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Talking about the Safe Withdrawal Rate Series, I often get feedback like this one, let me paraphrase:

“The entire series is obviously very helpful but also a bit intimidating. As a first-time reader, where should you even start?”

I hear you! I totally hear you! So, I wrote a new “landing page” for the Series that has a summary of all 31 posts, grouped by major topic and also a few suggestions for readers what to read depending on preferences and where you are with your early retirement planning. There are two ways to get to this new summary page:

1: Click this new link:

https://earlyretirementnow.com/safe-withdrawal-rate-series

2: Even easier, when you’re anywhere on the ERN blog webpage, simply go to the top of the page and click the new menu option “Safe Withdrawal Rate Series” – see below!

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So, if you get a chance, please check out that new landing page and let me know what you think! And please continue sharing the SWR Series everywhere people discuss safe withdrawal rates, ideally using that new landing page link! Many thanks in advance!

Continue reading “The Safe Withdrawal Rate Series: A Guide for First-Time Readers”

Can a Rising Equity Glidepath Save the 4% Safe Withdrawal Rate Over a 60 Year Retirement? (Guest Post by Dr. David Graham)

Welcome back to another guest post. Dr. David Graham, over at FIPhysician has been on a roll. His spike in productivity has been the perfect “hedge” against my drop in productivity while traveling this summer, so when he offered me to write a follow-up on his very well-received guest post a few weeks ago, I was all for it. This current post is about adding a “glidepath” to your retirement portfolio and how and why this would change the success prospects over a 60-year retirement horizon. Over to you, Dr. Graham…

In my last post, I show a 4% Safe Withdrawal Rate (SWR) is actually NOT safe over 60-years (assumptions, assumptions). A more conservative 3.25% SWR does ok. On the other hand, if the asset allocation is increased from 60/40 to 90/10 stock to bond ratio, a 4% SWR thrives again. ERN advises, however, that a 90/10 portfolio sets you up for even more Sequence of Return Risk (SORR). SORR describes the long-term detrimental effects initial negative market returns have on overall portfolio success. Even if the stock market eventually recovers, selling part of your equity portfolio at rock-bottom prices can lead to premature failure of the withdrawal strategy.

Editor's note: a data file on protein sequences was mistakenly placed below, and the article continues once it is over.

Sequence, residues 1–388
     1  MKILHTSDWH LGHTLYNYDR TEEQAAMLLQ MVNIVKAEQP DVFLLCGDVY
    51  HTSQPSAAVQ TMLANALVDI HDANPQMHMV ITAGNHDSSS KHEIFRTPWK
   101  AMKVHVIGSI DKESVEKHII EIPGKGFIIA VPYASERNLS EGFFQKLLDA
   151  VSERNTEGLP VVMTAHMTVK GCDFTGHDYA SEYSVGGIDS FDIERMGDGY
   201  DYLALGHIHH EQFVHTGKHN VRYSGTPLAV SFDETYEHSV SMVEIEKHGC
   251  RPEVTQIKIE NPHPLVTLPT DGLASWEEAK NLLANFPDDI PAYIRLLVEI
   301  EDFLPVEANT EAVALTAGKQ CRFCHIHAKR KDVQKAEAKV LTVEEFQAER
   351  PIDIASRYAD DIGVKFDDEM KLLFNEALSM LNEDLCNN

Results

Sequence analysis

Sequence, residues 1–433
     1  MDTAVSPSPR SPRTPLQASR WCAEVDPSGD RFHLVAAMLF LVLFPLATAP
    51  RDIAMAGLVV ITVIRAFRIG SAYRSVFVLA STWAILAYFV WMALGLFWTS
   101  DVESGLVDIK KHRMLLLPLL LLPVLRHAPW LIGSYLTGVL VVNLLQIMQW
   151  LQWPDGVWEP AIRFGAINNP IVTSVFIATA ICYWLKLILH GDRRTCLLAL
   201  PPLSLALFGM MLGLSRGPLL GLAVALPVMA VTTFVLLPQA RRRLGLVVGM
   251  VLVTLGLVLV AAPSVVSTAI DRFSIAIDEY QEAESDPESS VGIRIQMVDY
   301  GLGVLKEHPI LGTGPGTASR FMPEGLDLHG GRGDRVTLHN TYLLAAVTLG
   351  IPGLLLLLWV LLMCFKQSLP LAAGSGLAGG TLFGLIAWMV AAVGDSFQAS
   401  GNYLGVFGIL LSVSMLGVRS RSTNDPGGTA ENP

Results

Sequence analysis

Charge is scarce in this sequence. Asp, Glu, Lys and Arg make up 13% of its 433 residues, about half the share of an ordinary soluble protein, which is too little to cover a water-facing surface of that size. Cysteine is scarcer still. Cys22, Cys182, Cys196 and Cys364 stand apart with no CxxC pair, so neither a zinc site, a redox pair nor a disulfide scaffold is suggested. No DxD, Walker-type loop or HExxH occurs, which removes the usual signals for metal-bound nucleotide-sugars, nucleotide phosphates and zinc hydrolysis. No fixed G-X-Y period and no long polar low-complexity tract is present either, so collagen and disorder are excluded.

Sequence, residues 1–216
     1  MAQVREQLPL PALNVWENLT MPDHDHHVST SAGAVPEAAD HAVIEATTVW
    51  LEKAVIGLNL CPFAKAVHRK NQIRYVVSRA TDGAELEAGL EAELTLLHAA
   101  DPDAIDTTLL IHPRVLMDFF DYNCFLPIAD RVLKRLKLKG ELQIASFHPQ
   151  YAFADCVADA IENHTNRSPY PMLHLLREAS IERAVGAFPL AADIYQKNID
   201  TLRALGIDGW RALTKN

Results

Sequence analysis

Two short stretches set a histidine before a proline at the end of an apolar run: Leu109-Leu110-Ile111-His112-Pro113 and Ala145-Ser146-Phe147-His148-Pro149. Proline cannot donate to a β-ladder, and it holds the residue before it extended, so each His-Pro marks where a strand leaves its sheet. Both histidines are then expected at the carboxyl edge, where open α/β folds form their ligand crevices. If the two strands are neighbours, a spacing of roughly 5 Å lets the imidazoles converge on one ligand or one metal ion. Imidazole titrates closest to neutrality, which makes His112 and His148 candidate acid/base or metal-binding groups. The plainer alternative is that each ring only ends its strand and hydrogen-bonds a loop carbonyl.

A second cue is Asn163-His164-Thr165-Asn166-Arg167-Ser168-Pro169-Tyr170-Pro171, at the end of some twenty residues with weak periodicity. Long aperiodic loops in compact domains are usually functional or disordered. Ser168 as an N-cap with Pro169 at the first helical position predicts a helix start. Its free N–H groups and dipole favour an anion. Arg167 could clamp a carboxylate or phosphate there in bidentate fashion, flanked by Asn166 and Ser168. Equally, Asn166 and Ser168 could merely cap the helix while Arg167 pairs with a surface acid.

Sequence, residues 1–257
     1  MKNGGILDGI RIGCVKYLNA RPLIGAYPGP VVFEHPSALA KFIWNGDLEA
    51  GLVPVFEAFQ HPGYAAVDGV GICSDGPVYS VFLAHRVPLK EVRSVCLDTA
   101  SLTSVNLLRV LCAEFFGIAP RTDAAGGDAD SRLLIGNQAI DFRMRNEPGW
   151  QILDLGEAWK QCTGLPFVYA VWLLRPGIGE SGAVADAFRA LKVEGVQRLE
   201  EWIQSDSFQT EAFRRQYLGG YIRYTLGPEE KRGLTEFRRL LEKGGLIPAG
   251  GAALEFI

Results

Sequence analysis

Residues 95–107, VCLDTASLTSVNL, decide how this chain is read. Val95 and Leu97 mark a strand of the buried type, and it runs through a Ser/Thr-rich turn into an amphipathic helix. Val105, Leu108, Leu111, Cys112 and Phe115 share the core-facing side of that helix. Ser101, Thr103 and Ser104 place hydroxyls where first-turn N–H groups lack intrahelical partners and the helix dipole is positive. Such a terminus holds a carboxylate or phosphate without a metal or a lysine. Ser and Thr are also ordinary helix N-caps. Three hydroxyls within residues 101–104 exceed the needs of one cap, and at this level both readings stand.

What protects from SORR yet permits a higher SWR? A rising equity glidepath is one possibility. Let’s look at the details…

Continue reading “Can a Rising Equity Glidepath Save the 4% Safe Withdrawal Rate Over a 60 Year Retirement? (Guest Post by Dr. David Graham)”

A Different Way to Plan Retirement – Guest Post on “Monte Carlo” Simulations by “Gasem”

Today we have another guest post, this time by our long-time reader “Gasem.” I’m sure most of you who have looked through the comments section here and at a number of other blogs would have noticed his comments. They are always highly insightful. He’s also a prolific writer on his own blog MD on FIRE, which I highly recommend. And if you’re not a Gasem-fan yet, I suggest you check out the What’s Up Next? podcast episode earlier this year where he was featured together with Susan from FIIdeas and VagabondMD

In any case, we had a discussion about using Monte Carlo Simulations to gauge safe withdrawal rates following David Graham’s guest post two weeks ago. And Gasem volunteered to write a guest post here detailing his approach measuring retirement risks. So without further ado, Dr. “Gasem,” please take over…

David Graham recently wrote a great post on this site regarding the 4% rule. What is the 4% rule really? You save 25x your yearly need and put it at some risk in a portfolio and then try to extract 30 years of value from the portfolio by extracting 4%/yr. 25x is the target (initial) principal. You have to inflation-adjust the withdrawal, and then you risk the principal at some interest rate above inflation. Let’s say you have 1M, you pull out 4% above inflation (and SORR doesn’t eat your lunch) you will preserve your capital and thus still have 1M 25 years later. You can re-retire for another 25 years on that 1M (capital preservation!) and still pull out 4%. So if inflation is 2% you need to make 6% on your money to run this money machine. 6% is the leverage on your future, That’s the “math” behind the 4% projection.

What’s the problem you say? The problem is volatility. The problem is the market can not guarantee 6% return and 2% inflation. Return is all over the map as is inflation. One year you may make 12%, the next year lose 20%. One year inflation maybe 2% and 5 years later 13% (1979). If you’re lucky it’ll work out you tell yourself, probably will work out, I read it on the internet! So what’s the probability? That’s where “Monte Carlo Simulations” come in. Let’s take a look… Continue reading “A Different Way to Plan Retirement – Guest Post on “Monte Carlo” Simulations by “Gasem””